With pornography widely available online, blocking access to it proves to be a very difficult task
Enda Kenny thinks we need to talk about pornography, or specifically the "avalanche" of it which is available online.
The Taoiseach's statement has sparked a lot of debate in the media over what — if anything — needs to be done to address the issue, with some commentators suggesting more restrictions need to be put in place to stop children from accessing pornographic content with such ease.
The problem is, such restrictions simply will not work. Last week, the Taoiseach said:
"There is clearly an issue there that needs to be addressed, and it's very hard to address it, given the range and the velocity of the avalanche of communications of all descriptions that are coming at young people now. For older generations, they just can’t reach into the spheres where young minds are being, in some cases, corrupted and tainted, by an avalanche of this kind of material."
Whether you believe there is a problem with pornography online or not, there is little argument that accessing it has never been easier for young people.
The internet is considered by many to be the greatest invention of the last century. It helps spread information and ideas around the world in an instant; helps highlight wrong-doing; and allows disparate parts of the world communicate with a global audience.
Conversely, it also allows trolls to attack people indiscriminately on social media; gives criminals new ways of stealing your money; and, thanks to its open nature, places little restriction on what information can be accessed.
So, while many may agree with having a discussion about pornography, the real question is what can be done about it?
Many believe that the internet should be age-restricted, with pornography or violent content walled off from those under the age of 18. Indeed just such a system is currently being proposed in the UK, where the parliament is currently debating the Digital Economy Bill.
Part Three of that new law calls for an age verification system to "prevent access by persons under the age of 18" to "pornographic material available on the internet on a commercial basis," but doesn’t define what it means by "pornographic material."
This sounds exactly like the type of system which could be proposed in Ireland, if Enda Kenny’s conversation results in a consensus that something needs to be done.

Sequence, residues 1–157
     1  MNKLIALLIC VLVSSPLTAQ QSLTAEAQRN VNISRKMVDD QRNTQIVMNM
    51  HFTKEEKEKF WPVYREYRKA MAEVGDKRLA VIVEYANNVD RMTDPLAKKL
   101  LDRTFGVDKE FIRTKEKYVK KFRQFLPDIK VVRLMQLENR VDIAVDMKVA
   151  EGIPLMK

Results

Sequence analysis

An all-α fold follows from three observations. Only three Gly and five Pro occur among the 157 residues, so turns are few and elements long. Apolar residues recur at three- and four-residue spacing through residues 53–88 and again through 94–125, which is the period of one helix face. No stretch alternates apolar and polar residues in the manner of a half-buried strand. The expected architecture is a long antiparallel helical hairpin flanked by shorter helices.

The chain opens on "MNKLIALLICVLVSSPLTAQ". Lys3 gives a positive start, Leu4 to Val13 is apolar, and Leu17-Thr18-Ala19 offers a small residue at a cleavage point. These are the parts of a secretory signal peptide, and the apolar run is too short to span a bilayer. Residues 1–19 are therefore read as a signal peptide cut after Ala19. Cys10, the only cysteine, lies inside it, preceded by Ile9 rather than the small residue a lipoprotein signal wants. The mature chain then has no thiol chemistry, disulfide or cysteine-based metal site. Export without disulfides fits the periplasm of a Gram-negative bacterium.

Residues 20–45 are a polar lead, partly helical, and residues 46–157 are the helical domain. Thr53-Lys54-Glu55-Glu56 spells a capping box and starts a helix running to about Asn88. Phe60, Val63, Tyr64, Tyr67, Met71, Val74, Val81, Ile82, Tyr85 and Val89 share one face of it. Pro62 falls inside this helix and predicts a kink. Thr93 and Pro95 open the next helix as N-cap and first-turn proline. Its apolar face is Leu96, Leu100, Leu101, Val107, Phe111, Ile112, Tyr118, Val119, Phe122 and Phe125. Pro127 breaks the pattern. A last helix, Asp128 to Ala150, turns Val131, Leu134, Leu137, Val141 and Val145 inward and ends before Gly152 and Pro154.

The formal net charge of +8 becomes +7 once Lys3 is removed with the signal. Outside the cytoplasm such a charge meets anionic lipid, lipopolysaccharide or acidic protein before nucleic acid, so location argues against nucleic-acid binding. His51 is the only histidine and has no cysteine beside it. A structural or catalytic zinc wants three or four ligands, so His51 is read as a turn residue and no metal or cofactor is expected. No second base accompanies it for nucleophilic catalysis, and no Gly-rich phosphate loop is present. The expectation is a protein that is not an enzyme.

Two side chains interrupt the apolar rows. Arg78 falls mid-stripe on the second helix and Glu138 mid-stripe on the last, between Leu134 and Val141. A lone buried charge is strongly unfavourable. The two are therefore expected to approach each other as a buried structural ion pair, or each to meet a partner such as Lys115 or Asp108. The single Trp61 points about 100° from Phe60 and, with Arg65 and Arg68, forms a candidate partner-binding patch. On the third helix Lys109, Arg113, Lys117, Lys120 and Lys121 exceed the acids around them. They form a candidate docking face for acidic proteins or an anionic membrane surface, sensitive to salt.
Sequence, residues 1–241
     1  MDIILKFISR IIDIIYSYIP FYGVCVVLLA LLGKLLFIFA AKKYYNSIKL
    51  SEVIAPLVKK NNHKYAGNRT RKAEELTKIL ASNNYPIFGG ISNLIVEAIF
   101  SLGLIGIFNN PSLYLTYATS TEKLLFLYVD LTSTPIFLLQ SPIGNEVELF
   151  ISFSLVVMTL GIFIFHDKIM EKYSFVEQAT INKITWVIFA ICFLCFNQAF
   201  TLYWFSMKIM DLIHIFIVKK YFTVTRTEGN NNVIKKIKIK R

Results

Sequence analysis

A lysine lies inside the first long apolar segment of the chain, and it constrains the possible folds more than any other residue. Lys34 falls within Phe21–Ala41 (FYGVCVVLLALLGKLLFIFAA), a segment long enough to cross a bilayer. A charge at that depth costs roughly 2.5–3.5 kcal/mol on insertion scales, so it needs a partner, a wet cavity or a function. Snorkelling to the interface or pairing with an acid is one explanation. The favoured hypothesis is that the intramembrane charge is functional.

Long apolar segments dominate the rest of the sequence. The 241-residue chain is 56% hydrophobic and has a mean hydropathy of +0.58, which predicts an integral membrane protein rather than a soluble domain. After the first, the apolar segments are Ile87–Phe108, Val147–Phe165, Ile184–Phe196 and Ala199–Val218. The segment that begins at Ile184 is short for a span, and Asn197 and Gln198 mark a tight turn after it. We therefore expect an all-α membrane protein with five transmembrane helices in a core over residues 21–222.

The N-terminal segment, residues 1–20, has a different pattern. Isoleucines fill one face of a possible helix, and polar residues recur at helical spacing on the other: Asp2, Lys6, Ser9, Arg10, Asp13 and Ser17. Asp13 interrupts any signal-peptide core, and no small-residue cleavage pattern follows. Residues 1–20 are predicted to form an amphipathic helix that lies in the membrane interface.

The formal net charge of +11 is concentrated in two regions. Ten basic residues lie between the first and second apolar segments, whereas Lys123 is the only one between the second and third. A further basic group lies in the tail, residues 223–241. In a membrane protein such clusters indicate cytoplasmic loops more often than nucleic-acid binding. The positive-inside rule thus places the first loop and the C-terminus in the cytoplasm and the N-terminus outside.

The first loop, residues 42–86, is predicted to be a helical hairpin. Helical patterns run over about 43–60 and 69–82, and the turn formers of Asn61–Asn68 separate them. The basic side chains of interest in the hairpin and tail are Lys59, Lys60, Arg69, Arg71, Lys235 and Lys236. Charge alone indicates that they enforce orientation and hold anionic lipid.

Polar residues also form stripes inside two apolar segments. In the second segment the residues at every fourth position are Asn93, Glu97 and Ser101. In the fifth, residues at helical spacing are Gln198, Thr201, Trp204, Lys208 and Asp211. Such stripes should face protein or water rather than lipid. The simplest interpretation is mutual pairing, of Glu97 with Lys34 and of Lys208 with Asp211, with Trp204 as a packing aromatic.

The UK system will work by forcing companies running porn websites to verify the identity of every visitor. How that happens is still being discussed, but could include using passports or driving licences or, as one company has suggested, by using a person’s Facebook account.
But this solution will solve none of the problems which the Taoiseach describes.
First off, circumventing such a system would be so easy that spending the money to put it in place at all is pointless. The restrictions would only be enforced in whatever country brings the law in, meaning that using VPNs or proxies would easily get around the need to enter any personal information.
These tools are well known to younger internet users, exactly the people the laws are designed to protect. It means that the only people who would be really impacted by this new system are older people who are not technically savvy. This system would also create a huge database of highly sensitive personal information tied to people's online porn viewing habits. This not only creates a major privacy concern but given the sophistication and capabilities of hackers today, the security risk of such a database would also be huge.
The problem is that pornography is not just accessed on porn websites any more. Porn proliferates services like Twitter and Tumblr. You can even find pornographic images by just doing a search on Google. The internet is a distributed, complex and fast-evolving thing. Trying to shut off parts of it from certain users just won’t work.
Laws which try to restrict and harness the internet take years to enact and roll out; circumventing them takes a few minutes.